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Where Marie Antoinette laid her head: Fontainebleau’s reinstated Turkish bedroom opens to the public

Opening marks the completion of a seven-year restoration project

The Turkish Boudoir in the Château de Fontainebleau is open to the public for the first time in nearly 240 years following a seven-year project to restore the historic interior.

The bedroom, measuring 11 sq. m, and its two antechambers were made in 1777 for Queen Marie Antoinette in the opulent Orientalist style that was then fashionable. It had a chequered early history. Ransacked during the French Revolution, it was redecorated even more lavishly in 1806 by Joséphine de Beauharnais, Napoleon’s empress, who commissioned the noted Parisian furniture maker François-Honoré-Georges Jacob-Desmalter to create a bronze and mahogany suite of furniture.

After the fall of the empire it was used sporadically as a bedroom for courtiers and officials before being closed off and abandoned for more than a century. The restoration, which began in 2008, aimed to recreate the 1806 First Empire interior because most of the original 18th-century furnishings had been sold or lost during the revolution.

Detail from the First Empire interior

Up to the challenge

The restorers faced numerous challenges: weaving 26m of gold lamé silk velvet for upholstery; cleaning and repairing original, fragile embroidered muslin and taffeta silk curtains and drapes; recovering and reinstalling the original marble fireplaces; and repairing a complex system of pulleys that control the apartment’s movable mirrors and window blinds.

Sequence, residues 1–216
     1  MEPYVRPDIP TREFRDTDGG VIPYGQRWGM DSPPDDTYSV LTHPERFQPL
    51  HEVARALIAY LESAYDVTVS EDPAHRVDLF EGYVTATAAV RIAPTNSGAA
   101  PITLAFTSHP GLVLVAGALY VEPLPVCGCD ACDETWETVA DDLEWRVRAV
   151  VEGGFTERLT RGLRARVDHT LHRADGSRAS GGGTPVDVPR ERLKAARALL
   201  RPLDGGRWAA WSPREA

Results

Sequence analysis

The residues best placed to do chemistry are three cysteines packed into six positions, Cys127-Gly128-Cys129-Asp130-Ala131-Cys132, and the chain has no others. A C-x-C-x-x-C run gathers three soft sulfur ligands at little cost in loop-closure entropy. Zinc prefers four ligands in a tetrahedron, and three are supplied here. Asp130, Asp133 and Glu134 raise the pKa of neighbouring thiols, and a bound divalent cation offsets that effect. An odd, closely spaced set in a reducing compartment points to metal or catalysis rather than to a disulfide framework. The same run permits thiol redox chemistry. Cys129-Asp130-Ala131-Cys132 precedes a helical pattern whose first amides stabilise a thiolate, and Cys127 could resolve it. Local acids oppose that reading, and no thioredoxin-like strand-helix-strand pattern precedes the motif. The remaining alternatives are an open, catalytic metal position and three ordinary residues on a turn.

The mirrors, designed to work with the windows and translucent muslin drapes to create subtle light effects, are one of the most striking features of the bedroom’s Oriental design.

Replicating the original velvet fabric for the upholstery was entrusted to Tassinari & Chatel, a renowned silk-weaving firm founded in Lyons in 1680. A specialist weaver used a traditional hand loom to make the fabric; the project took 15 months to complete. The cleaning of the curtains and drapes—one of the most technically challenging tasks—was supervised by Isabelle Bedat, an expert in antique textiles best known for her research on the Bayeux Tapestry.

Around €350,000 of the €800,000 needed for the restoration was raised by exhibiting a replica of the interior—complete with the original furniture by Jacob-Desmalter—at Paris’s Galerie Aveline in 2012.